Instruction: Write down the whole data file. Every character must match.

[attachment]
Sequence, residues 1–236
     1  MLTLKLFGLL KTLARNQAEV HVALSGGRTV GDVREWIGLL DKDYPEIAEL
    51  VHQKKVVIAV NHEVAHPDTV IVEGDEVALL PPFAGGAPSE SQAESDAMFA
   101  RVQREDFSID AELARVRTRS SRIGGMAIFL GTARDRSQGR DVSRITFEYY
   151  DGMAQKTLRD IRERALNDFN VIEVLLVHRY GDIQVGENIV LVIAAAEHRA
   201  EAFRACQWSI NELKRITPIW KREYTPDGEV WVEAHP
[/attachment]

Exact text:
Sequence, residues 1–236
     1  MLTLKLFGLL KTLARNQAEV HVALSGGRTV GDVREWIGLL DKDYPEIAEL
    51  VHQKKVVIAV NHEVAHPDTV IVEGDEVALL PPFAGGAPSE SQAESDAMFA
   101  RVQREDFSID AELARVRTRS SRIGGMAIFL GTARDRSQGR DVSRITFEYY
   151  DGMAQKTLRD IRERALNDFN VIEVLLVHRY GDIQVGENIV LVIAAAEHRA
   201  EAFRACQWSI NELKRITPIW KREYTPDGEV WVEAHP